Business Plan 2020-21: FCA remains vigilant to potential misconduct
When people think of Professional Athletes, they often think of big wages, sponsorship deals and wealth. What many people don’t appreciate is that the jurisdiction of Doping Authorities extends beyond professional sports and into the ranks of amateurs across the UK. Consider the UK Anti-Doping Rule 1.2.1 around jurisdiction which identifies those who are subject to the rules:
All Athletes…who are members of the NGB and/or of member or affiliate organisations or licensees of the NGB (including any clubs, teams, associations or leagues)…All Athletes…participating in such capacity in Events, Competitions and other activities organised, convened, authorised or recognised by the NGB or any of its member or affiliate organisations or licensees (including any clubs, teams associations or leagues), wherever held…”
Many Doping Sanctions are imposed on Athletes who compete for the love of the sport, for minimal or no financial reward. For these individuals, defending an allegation of doping can have restrictive financial implications.
The cost of a ‘B Sample’ analysis is now over a thousand pounds. The cost of testing a potentially contaminated supplement can run into hundreds of pounds, often reaching thousands. This is over and above any legal fees.
The implications are that the majority of Athletes (Professional or Amateur) charged with Doping offences do not have the financial resources to afford a decent defence. Many rely on pro-bono representation.
What does a decent defence involve? Well, firstly, an experienced Lawyer, one who has a fundamental understanding of the World Anti-Doping Code, how it applies to his client’s case, and a good knowledge of how the Anti-Doping Authorities operate in their client’s jurisdiction.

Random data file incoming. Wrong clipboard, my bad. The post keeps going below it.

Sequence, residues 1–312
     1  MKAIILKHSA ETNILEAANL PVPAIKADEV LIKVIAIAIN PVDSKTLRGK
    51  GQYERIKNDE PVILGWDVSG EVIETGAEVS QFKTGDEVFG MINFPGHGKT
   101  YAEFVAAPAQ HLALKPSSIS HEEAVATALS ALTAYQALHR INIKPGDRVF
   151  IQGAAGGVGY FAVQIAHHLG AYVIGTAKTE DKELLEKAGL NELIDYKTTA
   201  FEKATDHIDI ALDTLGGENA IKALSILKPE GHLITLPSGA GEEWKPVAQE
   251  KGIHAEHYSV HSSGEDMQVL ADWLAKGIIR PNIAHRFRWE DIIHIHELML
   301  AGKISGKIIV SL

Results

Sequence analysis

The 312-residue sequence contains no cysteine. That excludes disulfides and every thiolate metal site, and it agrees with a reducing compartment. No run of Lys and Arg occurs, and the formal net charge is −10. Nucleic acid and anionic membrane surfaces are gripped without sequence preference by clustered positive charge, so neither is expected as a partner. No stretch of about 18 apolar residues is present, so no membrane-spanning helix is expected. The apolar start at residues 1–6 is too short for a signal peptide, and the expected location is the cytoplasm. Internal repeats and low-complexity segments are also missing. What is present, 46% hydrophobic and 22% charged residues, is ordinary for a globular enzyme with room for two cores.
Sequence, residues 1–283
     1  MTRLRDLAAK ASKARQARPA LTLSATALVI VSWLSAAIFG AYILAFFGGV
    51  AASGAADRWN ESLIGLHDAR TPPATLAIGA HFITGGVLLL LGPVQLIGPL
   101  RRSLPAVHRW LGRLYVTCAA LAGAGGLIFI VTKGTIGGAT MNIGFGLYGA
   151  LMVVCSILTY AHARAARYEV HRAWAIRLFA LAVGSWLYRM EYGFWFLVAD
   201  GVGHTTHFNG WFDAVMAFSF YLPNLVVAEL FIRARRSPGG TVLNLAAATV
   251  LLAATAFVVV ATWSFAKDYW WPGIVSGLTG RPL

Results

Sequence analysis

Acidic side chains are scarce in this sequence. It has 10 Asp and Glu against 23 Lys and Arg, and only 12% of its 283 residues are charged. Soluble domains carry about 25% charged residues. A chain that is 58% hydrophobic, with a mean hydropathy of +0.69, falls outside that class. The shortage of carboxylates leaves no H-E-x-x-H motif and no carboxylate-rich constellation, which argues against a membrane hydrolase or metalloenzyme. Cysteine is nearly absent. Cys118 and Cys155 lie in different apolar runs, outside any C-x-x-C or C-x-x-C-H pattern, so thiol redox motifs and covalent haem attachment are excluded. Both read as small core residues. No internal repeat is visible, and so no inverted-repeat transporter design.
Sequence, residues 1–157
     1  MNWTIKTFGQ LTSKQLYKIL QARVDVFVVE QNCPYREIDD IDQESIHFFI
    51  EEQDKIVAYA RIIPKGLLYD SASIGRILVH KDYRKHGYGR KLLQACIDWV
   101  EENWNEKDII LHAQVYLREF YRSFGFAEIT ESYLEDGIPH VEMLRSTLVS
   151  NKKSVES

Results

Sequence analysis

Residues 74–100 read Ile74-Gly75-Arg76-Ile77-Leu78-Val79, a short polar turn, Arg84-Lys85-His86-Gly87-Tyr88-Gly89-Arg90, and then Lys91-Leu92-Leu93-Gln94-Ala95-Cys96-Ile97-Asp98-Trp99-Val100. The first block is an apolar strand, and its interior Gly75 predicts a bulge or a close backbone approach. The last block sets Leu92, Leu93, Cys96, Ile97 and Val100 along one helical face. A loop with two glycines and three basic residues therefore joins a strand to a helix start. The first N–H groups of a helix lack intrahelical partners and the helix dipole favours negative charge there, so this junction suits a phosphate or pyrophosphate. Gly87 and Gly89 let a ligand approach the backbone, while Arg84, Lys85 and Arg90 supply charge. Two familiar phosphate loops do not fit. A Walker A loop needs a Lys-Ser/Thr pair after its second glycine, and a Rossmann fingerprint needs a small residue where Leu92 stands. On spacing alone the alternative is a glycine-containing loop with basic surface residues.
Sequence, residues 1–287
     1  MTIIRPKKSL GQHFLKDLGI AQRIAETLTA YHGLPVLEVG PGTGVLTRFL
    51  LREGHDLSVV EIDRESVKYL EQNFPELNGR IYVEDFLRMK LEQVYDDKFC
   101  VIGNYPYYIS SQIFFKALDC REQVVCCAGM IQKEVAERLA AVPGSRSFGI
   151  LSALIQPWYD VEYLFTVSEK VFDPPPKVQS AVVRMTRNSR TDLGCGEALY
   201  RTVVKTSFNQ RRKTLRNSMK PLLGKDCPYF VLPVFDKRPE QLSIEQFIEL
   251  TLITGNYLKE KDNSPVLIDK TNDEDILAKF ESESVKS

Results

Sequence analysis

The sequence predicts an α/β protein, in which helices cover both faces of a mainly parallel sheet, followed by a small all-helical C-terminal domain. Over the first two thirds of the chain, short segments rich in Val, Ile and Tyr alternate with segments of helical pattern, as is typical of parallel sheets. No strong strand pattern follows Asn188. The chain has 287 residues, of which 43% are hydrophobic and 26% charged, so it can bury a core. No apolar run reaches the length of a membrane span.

Secondly, thorough preparation. The planning and strategy of defending a Doping charge is vital. The Athlete must have a clear position about their case and direct their resources towards that. Adopting a scattergun approach by exploring every possible avenue is wasteful. Doping panels appreciate both parties taking a focused approach to the issues.
There is an inequality of arms between Athletes and Anti-Doping Authorities. To redress this issue, Athlete’s should consider the following steps:
Following these steps will assist an Athlete to robustly contest a Doping Charge, and gives them the best possible chance of minimising the length of any ban.
This article was written by Joseph Paterson, Associate in the Regulatory Department.
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